My sense of evil as a consciously chosen path had originated, however, in my familiarity with the Center for Feeling Therapy, a purported “therapeutic community” that flourished in Los Angeles in the ’70s. Center “therapists,” led by head “therapist” and leader Richard “Riggs” Corriere (who did not countenance childbearing among his followers either), employed a combination of abreactive/regressive psychological techniques, which they had learned from Primal Therapy guru Arthur Janov, and coercive social techniques of group therapy to gain control of their patients’ psyches and lives. (Some three hundred “patients” lived together near the therapists’ “compound” in an area of West Hollywood.) The Center for Feeling Therapy broke up in two days in late 1980 amid revelations about what had been going on behind the scenes there, including sexual and financial exploitation of patients. Afterward, while researching transcripts at the Esalen Institute in Big Sur, California, I discovered that three Center therapists, in 1972, not long after the Center’s founding, had held something called the “Esalen Seminar on Feeling Therapy.” During this “seminar,” one of the therapists, describing the abreactive techniques they used to regress patients back to the helplessness of childhood, said that these techniques “were so powerful” that they could use them to manipulate and control their patients, “if we wanted to.” This therapist added: “Hitler did that, you know.”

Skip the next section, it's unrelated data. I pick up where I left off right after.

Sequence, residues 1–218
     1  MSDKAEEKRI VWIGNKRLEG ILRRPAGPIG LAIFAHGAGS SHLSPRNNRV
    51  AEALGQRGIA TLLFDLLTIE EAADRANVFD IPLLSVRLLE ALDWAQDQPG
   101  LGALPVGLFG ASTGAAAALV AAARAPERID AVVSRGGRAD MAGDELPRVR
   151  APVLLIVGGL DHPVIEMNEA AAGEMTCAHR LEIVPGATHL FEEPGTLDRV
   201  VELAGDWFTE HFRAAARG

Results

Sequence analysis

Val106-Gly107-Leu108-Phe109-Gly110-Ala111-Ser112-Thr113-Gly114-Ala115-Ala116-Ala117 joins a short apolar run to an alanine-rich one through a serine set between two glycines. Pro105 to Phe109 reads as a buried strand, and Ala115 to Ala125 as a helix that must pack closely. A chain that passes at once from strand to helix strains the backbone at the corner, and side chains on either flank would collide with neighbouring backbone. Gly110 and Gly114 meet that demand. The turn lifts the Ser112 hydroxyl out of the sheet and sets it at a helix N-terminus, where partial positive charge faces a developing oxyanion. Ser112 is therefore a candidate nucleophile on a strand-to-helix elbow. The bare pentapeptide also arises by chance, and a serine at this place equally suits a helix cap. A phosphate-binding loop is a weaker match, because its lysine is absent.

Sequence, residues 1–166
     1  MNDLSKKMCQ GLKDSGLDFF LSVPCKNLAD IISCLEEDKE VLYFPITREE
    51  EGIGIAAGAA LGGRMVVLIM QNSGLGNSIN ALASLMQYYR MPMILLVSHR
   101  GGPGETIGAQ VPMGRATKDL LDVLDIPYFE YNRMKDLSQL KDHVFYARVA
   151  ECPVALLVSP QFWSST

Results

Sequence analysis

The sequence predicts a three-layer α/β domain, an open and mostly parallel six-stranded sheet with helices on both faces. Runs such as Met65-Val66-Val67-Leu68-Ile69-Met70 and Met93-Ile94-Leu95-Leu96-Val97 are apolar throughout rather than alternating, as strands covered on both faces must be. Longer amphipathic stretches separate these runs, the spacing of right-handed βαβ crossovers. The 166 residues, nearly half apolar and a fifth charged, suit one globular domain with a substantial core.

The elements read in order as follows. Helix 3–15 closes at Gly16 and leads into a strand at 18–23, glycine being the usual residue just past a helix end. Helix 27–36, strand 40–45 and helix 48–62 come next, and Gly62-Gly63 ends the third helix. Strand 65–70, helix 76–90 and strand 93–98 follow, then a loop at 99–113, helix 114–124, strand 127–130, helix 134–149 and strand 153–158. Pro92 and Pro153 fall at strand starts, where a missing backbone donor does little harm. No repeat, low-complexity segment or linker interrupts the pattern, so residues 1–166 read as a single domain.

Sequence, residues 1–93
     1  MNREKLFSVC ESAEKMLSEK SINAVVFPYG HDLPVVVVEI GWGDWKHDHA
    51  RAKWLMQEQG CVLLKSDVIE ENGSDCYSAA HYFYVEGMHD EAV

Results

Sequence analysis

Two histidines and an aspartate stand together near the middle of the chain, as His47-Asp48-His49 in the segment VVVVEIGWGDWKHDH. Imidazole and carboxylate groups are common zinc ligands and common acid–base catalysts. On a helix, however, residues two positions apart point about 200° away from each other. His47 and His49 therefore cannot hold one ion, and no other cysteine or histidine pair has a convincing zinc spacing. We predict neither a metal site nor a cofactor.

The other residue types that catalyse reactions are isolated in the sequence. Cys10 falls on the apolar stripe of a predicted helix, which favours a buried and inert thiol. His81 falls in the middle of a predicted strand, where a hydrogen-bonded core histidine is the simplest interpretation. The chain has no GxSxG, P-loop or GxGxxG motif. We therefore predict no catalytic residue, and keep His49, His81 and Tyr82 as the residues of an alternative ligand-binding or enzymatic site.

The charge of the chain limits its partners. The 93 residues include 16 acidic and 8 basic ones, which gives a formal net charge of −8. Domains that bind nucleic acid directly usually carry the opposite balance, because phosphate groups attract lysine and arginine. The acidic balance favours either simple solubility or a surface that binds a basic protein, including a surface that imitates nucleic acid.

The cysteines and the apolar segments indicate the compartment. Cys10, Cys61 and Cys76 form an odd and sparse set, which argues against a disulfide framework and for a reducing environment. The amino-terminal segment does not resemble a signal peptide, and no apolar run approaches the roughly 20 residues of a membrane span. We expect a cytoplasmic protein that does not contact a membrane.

One of the revelations during the Center’s breakup was that Richard Corriere had been lecturing his therapy group on the virtues of Adolph Hitler. Among other statements Corriere had made was this: “If Hitler had won World War II, he would have eventually done good for the world, because all human beings, deep down, want to do good.” Rajneesh had also alluded to Hitler (in the book The Mustard Seed, which Brandon referenced), claiming, “Jews are always in search of their Adolph Hitlers, someone who can kill them—then they feel at ease.” And Charles Manson, the evil mind behind what came to be called the “Tate-LaBianca killings,” according to his prosecutor, Vincent Bugliosi, told his followers that “Hitler had the best answer to everything” and that he was “a tuned-in guy who leveled the karma of the Jews.” The reason for such cult leaders’ fascination with Hitler seems clear enough. In his turn, Charles Manson himself has become something of a symbol and magnet for those drawn to the phenomenological power of evil. He still receives a huge volume of mail from admirers. One neo-Nazi wrote Manson that his discovery of Manson “could only be compared” to his earlier discovery of Adolph Hitler and the National Socialist Party.